Slime is obviously a big craze right now. I never really understood it, but then again when I was at school the big thing was braiding Scoobies (these were literally just plastic threads that you braided together to make different shapes). But it seems like slime is here to stay for the foreseeable future, you just can’t go wrong with a tub of ooze. Being curious I embarked on a mission to create the perfect slime, which now sits by my desk as a big squishy stress ball, and discover how it is made.
Slime is made after a chemical reaction between two main ingredients; polyvinyl alcohol and borate ion. Both of which you can find in everyday household items. Polyvinyl alcohol can be found in simple PVA glue and borate ion is created when bicarbonate of soda (baking soda) is mixed with contact lens solution. It’s super important to make sure that the solution you’re using contains the ingredients boric acid and sodium borate.
When I initially ventured out to source the ingredients for the perfect slime I made the mistake of buying the first contact lens solution I found without checking if it contained the key ingredients. The results of that batch of slime were dubious at best and disastrous at worst. One suggestion I found online to thicken my runny slime was to add dish soap and salt. Do not do this, all it results in is weird green slush that smells weird.
For my slime I created the borate ion by mixing the bicarbonate of soda (or baking soda) with the boric acid and sodium borate in the contact lens solution and when it comes in contact with the PVA glue the mixture gradually begins to thicken and turns into a viscous, gooey mass.
This is because when the polyvinyl alcohol is combined with borate ion they undergo a chemical reaction called an endothermic reaction. An endothermic reaction absorbs heat energy and we can see this at work when the slime goes cold! It also creates a non-newtonian fluid. The amazing thing about non-newtonian fluids is that they are neither a solid or a liquid, you can pick slime up like a solid but it will slide through your fingers like a liquid. Slime also does not have its own shape so it can change to fit whatever container it is in. Yet, because of its elasticity, it can be bounced like a ball. Using these examples you can demonstrate how the viscosity of non-newtonian fluids change and teach the properties of liquids and solids.
You can play around with the quantities of these ingredients, in particular, the contact lens solution, to create slimes with different viscosities. The more contact lens solution you add the thicker the slime becomes and vice versa, the less you add the oozier it becomes. I didn’t add enough contact lens solution to my initial batch of slime and found that it kept sticking to my fingers! Ask your students or kids which ingredient they think they would need to add more of to make their slime more like a liquid or solid.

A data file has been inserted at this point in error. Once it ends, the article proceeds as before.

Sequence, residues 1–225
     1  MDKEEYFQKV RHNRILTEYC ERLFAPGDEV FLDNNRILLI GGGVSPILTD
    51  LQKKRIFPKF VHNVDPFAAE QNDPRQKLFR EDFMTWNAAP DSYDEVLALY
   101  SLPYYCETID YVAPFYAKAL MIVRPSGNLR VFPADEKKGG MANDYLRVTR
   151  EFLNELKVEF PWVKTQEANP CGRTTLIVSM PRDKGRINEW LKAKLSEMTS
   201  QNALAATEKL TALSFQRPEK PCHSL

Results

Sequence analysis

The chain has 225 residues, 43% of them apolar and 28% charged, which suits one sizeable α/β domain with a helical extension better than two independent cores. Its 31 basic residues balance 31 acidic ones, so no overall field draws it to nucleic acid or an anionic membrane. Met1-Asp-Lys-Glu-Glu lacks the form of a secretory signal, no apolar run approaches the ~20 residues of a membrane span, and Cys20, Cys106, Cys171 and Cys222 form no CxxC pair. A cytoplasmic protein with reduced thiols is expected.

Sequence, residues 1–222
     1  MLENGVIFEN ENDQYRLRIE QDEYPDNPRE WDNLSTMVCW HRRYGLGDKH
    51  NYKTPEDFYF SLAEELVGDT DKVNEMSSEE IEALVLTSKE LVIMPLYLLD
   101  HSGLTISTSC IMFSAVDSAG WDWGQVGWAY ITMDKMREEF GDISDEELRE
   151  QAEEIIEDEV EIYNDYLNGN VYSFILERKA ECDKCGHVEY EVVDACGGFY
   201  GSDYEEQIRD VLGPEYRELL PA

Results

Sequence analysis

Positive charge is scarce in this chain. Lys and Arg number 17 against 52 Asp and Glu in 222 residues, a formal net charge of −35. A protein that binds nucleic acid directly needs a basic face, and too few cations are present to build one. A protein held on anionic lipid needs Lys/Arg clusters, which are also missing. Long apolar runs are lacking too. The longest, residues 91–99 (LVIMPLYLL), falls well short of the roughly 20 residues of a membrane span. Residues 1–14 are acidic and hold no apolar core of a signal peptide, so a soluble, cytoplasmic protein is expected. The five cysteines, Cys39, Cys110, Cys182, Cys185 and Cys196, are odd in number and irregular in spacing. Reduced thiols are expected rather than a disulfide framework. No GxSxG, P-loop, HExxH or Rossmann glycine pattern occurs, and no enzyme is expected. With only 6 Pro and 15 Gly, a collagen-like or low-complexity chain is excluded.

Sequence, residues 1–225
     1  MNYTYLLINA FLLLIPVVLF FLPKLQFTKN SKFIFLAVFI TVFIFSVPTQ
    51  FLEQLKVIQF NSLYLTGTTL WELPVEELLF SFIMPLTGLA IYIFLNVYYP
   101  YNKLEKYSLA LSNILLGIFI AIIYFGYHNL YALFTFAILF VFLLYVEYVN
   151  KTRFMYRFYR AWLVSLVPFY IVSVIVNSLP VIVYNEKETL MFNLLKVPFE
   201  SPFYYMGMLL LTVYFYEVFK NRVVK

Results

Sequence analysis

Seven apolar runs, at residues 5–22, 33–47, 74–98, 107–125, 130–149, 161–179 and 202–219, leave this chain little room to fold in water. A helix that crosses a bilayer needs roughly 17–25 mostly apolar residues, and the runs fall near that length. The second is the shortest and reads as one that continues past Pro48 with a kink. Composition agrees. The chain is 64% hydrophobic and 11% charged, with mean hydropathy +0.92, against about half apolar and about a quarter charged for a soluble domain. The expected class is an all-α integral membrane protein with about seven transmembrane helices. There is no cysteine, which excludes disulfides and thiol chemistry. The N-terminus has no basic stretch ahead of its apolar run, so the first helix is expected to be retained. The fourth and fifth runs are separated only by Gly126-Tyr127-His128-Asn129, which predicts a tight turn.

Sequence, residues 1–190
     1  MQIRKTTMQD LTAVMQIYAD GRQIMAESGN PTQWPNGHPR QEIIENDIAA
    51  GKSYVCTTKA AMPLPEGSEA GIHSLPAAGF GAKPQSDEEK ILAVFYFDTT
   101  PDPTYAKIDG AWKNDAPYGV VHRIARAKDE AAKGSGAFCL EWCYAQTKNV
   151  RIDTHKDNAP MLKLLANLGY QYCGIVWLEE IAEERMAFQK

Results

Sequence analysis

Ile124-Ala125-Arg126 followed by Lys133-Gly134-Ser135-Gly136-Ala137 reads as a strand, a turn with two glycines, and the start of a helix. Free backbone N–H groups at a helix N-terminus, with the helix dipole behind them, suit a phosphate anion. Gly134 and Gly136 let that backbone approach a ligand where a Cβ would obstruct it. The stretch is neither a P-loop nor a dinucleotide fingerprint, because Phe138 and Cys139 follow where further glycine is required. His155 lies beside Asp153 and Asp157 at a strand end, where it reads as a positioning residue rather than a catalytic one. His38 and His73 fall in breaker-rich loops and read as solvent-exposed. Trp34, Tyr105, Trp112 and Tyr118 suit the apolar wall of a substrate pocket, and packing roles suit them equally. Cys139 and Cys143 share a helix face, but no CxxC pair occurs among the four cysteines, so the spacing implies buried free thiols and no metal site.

You can even introduce this as an experiment into your science lesson by having them test out slightly different variations of the basic slime recipe below and record the results. Slime is great for discussing the properties of materials for this reason. Try it out by tugging it sharply which will cause the slime to break, yet if you gently pull it the slime will stretch out.
Below is the basic slime recipe, remember to lay down a protective mat or cloth to protect your surfaces! If you want to make your slime extra special you can always add glitter, sequins or glow in the dark paint. You can even add foaming shaving cream to make the slime go poofy and fluffy! To store keep it in an airtight container and you can keep it in the fridge to help prevent it from drying out.
The Perfect Slime Recipe
230ml (1 cup) of PVA glue
115ml (½ cup) of water
2 drops of your favourite food colour
1 tsp of bicarbonate of soda (baking soda)
1 tbsp of contact lens solution containing boric acid and sodium borate
- To make the slime simply pour the PVA glue into a bowl and add the water, mixing until fully incorporated. To this mixture add your favourite food colouring, mixing until you reach your desired colour. At this point, you can also add any embellishments you desire, such as glitter or sequins!
- We then need to add the bicarbonate of soda to the mixture stirring thoroughly. At this point, the slime mixture should still be slightly runny.
- Now for the magic! Slowly add the contact lens solution and stir. You should feel the mixture thicken up quite quickly and when it starts coming away from the sides it’s time to get your hands in and knead the mixture. If your slime is still too sticky add a few more drops of saline solution until it firms up - be careful with this as adding too much will make the slime hard and brittle!
Ideas for other Scientific investigations? Let us know in the comments.